In researching several recent topics, I am getting reacquainted with APA Style. I never really learned it thoroughly in the first place. My main course of study in college required the use of MLA Style, designed more for the languages and language arts. Where I once studied languages (French and Russian) in great depth regarding their structure, grammar and idioms, I am now studying language itself. The study of language is also social science, which looks at the ways we communicate. Communication, whether it be verbal, non-verbal, cultural or social, is a dynamic system.
Writing about communication, then, requires the use of APA Style. Communication is a sort of umbrella field that overarches others that require APA Style, including:
- Social Sciences, such as Psychology, Linguistics, Sociology, Economics, and Criminology
- Nursing (Seas & Brizee, 2016)
I love the study of languages, enjoy communication and writing and have come to have a passion for psychology later in life. My recent interests, including participating the Master of Communication program at Queens University in Charlotte, have brought me to a point where I must understand APA Style better if I am to continue my studies.
Although being fastidious in tracking and documenting sources can be quite tedious for me, I appreciate its importance in leaving a trail for later scholars to follow. In the vein of my “Monk in the World” theme, I think of scribes in medieval monasteries, who needed great patience and to be extremely detail-oriented in order to produce beautiful, accurate manuscripts for posterity’s sake.
The element that most surprised me in studying APA Style, is its particular attention to the risk of bias coming through in writing up scholarly research. As APA Style deals in large part with the social sciences, it follows that groups of people will often be identified by their culture, race, gender and other markers. Insofar as one doesn’t compromise their research by changing identifiers, writers using APA Style are encouraged to alter pronouns to the plural and identify groups of people with adjectives rather than biased nouns. Using a phrase such as, “disabled persons,’ instead of the noun, “the disabled,” takes the focus off of the descriptor and adds weight to the noun, “persons.” To me, this encourages the reader to think of people as people first, and not to identify them with their particular situation outside of what is required to understand the research (Paiz, Angeli, Wagner, Lawrick, Moore, Anderson, Soderlund, Brizee & Keck, 2017).
A question for further study would be to examine papers where the altering of language to avoid bias has inhibited the communication of research, as well as those where it has enhanced it by use mind-opening language.
One of the hardest things for me to remember in using APA Style guidelines is how to record the various kinds of in-text citations. There are a number of rules for capitalization, quoting (short-form and long-form), italicizing/underlining, as well as paraphrasing and summarizing, depending on what type of writing within the text the citation is referencing. And, in the references list at the end of a paper, the style is different still (Paiz, Angeli, Wagner, Lawrick, Moore, Anderson, Soderlund, Brizee & Keck, 2014).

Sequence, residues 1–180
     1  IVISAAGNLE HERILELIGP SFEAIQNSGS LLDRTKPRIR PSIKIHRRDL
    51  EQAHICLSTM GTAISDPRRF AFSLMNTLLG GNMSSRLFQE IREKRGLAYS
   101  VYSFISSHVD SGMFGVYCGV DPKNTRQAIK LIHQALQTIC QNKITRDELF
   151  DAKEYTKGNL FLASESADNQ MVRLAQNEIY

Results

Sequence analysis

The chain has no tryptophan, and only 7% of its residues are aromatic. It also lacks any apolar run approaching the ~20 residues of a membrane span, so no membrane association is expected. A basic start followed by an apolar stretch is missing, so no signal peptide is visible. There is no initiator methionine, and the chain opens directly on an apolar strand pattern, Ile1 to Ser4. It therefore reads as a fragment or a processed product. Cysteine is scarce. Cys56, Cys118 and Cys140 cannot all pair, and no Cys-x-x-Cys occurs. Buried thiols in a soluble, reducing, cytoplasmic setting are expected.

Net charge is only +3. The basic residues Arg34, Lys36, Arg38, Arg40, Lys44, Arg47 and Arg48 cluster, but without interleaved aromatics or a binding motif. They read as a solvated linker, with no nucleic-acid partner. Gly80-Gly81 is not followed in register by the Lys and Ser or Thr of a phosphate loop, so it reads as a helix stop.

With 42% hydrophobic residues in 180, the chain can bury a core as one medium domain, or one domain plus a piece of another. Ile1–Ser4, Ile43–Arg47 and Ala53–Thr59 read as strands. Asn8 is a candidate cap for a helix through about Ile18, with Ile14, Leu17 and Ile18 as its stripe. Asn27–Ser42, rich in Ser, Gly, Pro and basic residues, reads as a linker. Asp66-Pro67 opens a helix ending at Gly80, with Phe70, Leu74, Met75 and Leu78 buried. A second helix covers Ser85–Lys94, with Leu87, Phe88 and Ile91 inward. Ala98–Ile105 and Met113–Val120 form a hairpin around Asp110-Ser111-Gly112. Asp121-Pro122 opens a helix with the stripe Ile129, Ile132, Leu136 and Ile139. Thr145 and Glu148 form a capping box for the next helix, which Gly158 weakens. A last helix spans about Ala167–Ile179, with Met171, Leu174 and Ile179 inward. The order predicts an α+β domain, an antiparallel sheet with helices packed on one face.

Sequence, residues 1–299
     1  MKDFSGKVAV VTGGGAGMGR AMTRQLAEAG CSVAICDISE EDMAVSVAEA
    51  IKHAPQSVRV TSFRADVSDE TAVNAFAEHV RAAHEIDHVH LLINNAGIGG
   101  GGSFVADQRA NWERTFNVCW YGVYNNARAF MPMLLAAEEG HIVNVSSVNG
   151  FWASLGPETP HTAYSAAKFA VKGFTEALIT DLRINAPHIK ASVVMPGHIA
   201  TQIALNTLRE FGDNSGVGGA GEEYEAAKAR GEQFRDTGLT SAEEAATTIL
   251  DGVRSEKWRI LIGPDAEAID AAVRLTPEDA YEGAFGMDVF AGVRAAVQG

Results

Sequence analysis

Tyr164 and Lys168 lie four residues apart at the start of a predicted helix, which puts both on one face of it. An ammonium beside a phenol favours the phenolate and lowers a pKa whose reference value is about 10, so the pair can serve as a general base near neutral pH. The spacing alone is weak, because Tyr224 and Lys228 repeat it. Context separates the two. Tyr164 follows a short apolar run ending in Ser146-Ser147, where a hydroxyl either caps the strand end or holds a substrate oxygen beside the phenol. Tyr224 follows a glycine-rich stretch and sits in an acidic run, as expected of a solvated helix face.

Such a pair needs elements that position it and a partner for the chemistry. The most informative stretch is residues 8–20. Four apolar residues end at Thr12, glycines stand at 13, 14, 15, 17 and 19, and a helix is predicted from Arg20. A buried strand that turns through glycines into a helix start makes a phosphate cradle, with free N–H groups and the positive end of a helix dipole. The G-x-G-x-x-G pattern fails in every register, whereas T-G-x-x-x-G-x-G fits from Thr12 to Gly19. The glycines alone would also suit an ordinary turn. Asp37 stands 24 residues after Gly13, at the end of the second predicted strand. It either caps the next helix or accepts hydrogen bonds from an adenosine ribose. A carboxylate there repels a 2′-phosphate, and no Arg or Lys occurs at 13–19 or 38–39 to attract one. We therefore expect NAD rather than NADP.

Yet, like the monks copying scripture ages ago, consistency and precision are key in using APA Style. When citations are precise, other scholars and researches do not get confused about where information was obtained and are easily able to track down at the sources cited, as well as ancillary sources, for further research on the topic. One major difference between we modern researches and those monks is the determination of who can use poetic language. The scriptures the monks produced were both practical and poetic, using figurative language and metaphor. We modern researches must avoid flowery language in our research, keeping the data clear for maximum comprehension.
One of the nicest things about APA Style is that provides stylistic guidelines for writing, not just rules on citing sources. It encourages the author to use the active voice in writing up research (Paiz, Angeli, Wagner, Lawrick, Moore, Anderson, Soderlund, Brizee & Keck, 2015). I have some friends in a band who titled one of their albums years ago, “Excessive Use of the Passive Voice.” As excessive us of the passive voice is often a criticism in all kinds of writing, I found it reassuring to be encouraged to use active voice. It’s not always easy to do. For me, using active voice helps it be viewed as a living thing, still important, still active, not ancient history.
Angeli, E., Wagner, J., Lawrick, E., Moore, K., Anderson, M., Soderlund, L., & Brizee, A. (2010, May 5). General format. Retrieved from http://owl.english.purdue.edu/owl/resource/560/01/
Paiz, J., Angeli, E., Wagner, J, Lawrick, E., Moore, K., Anderson, M., Soderlund, L., Brizee, A., & Keck, R. (2014, November 11). In-Text citations: The basics. Retrieved from https://owl.english.purdue.edu/owl/resource/560/02/
Paiz, J., Angeli, E., Wagner, J, Lawrick, E., Moore, K., Anderson, M., Soderlund, L., Brizee, A., & Keck, R. (2015, September 10). APA stylistics: Basics. Retrieved from https://owl.english.purdue.edu/owl/resource/560/15/
Paiz, J., Angeli, E., Wagner, J, Lawrick, E., Moore, K., Anderson, M., Soderlund, L., Brizee, A., & Keck, R. (2017, June 11). APA stylistics: Avoiding bias Retrieved from https://owl.english.purdue.edu/owl/resource/560/14/
Seas, K., & Brizee, A. (2016, May 13). APA style workshop. Retrieved from https://owl.english.purdue.edu/owl/resource/664/1/